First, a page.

Computer graphics technology for display and interaction
Early interest in the field of computer cartography may be attributed to the realisation that computer graphics technology can be used to plot detailed maps much more quickly and more precisely than is possible using manual methods. The graphical quality of the early digital map products often left much to be desired when judged by traditional standards. The technology was nevertheless particularly attractive when faced with labour-intensive tasks such as mapping the distribution of large quantities of statistics, the plotting of mathematically complex geographical projections, and the generation of 3D views. Modern graphics-plotting devices have now advanced to a stage where they are widely used for high-quality cartographic production, while in GIS,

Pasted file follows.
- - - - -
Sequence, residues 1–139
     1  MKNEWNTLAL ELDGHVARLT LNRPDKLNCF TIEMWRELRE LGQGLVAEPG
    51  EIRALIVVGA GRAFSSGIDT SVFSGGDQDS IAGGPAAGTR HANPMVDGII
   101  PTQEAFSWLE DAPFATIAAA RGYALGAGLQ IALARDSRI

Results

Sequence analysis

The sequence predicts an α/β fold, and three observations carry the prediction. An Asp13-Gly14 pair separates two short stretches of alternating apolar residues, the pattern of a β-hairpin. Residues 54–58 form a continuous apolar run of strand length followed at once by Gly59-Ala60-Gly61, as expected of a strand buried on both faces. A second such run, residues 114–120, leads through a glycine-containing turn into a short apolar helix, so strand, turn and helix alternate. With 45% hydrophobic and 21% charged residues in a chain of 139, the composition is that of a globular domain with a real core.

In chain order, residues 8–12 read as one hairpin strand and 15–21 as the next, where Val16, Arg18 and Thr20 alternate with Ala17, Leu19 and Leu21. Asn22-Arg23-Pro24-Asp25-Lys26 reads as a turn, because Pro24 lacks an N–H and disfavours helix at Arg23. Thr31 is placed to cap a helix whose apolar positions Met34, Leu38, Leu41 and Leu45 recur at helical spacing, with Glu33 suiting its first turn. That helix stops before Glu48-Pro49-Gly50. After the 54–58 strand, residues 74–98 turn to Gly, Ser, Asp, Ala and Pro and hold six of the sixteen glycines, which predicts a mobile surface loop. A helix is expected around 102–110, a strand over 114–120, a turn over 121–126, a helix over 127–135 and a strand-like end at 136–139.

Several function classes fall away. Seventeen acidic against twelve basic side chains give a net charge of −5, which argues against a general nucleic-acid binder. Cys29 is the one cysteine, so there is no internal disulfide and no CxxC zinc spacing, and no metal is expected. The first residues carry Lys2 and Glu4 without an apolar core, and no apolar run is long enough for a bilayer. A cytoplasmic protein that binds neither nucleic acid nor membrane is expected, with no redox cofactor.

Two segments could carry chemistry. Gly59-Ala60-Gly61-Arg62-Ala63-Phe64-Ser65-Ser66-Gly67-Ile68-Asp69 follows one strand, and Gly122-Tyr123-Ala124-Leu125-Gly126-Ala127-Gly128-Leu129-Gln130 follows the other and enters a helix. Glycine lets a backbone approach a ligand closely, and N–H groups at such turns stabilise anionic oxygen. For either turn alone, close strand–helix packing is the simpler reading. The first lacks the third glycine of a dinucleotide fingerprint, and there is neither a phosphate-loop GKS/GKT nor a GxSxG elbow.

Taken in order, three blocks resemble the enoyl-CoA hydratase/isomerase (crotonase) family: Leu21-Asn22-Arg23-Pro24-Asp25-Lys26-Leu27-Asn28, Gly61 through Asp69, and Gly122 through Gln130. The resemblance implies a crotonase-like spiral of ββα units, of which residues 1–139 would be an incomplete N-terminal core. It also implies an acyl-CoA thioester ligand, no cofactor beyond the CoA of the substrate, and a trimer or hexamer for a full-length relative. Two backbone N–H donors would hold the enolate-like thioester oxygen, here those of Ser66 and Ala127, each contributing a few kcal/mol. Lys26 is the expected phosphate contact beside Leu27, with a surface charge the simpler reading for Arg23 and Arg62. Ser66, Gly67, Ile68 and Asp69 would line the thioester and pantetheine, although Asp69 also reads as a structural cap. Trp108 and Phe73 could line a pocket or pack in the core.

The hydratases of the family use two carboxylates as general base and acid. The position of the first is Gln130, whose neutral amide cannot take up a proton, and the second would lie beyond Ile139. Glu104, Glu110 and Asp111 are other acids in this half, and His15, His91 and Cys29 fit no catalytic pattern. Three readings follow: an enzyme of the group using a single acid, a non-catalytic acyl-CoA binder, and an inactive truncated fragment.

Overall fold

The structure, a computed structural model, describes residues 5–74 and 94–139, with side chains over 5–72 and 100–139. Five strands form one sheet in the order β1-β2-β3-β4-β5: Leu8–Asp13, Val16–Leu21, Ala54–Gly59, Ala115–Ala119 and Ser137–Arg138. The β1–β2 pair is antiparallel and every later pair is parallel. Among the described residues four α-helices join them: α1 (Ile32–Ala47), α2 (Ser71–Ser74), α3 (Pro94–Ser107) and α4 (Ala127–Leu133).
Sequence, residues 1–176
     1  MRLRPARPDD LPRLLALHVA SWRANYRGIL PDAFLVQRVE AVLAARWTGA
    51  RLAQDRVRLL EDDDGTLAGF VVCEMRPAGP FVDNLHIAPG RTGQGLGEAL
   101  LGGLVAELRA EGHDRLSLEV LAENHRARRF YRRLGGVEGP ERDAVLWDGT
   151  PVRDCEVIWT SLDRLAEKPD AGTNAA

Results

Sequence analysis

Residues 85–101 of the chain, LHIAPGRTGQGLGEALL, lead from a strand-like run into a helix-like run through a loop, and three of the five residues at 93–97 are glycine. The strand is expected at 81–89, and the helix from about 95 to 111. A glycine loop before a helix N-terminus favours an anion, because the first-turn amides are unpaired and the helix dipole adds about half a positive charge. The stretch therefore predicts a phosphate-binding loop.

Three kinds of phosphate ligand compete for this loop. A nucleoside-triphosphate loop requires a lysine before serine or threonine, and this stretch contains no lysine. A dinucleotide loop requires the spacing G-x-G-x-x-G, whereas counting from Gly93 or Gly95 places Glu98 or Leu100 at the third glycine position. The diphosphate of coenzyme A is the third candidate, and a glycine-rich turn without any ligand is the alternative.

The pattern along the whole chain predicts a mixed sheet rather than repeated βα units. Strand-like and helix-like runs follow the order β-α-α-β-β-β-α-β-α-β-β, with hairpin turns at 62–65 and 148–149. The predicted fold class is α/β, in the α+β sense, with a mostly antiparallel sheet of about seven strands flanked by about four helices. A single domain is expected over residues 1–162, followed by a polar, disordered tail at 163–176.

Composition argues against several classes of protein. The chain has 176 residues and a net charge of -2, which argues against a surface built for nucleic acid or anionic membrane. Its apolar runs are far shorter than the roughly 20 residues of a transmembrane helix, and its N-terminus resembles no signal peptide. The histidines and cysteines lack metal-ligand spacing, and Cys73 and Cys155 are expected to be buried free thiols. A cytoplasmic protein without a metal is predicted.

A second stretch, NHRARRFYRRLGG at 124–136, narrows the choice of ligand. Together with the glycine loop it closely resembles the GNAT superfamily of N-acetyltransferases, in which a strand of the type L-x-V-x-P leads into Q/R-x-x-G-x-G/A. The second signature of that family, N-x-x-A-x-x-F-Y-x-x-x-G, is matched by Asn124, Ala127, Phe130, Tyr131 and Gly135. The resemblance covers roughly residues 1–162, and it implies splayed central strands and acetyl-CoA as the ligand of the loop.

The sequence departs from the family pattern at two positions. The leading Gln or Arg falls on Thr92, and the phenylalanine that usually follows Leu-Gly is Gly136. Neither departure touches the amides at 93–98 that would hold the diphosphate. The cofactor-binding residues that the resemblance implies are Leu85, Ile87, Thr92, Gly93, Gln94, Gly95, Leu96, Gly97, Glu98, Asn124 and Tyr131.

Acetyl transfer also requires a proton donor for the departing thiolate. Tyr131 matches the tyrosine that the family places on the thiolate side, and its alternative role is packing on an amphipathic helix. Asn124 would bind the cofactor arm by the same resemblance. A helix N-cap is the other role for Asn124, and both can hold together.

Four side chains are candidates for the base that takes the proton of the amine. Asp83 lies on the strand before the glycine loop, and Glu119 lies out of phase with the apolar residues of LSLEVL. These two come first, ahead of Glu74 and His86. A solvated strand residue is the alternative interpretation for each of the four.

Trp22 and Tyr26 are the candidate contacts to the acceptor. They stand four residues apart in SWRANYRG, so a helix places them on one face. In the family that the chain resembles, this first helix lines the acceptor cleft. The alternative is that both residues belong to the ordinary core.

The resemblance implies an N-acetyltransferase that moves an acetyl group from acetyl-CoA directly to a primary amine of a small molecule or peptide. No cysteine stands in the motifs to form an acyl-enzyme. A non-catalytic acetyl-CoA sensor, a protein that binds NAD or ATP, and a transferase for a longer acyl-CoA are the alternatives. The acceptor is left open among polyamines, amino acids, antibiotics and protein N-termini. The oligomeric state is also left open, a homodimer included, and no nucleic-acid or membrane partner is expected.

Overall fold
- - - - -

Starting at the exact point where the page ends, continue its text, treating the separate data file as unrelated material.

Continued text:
computer graphics is one of the cornerstones of the technology. In emphasising the benefits of computer graphics for cartography, it should be remembered that the advantages are at the relatively mechanical stage of plotting graphic symbols and interacting with graphics displays. The design of maps is a separate issue, and is very far from being fully automated (see Chapter 15).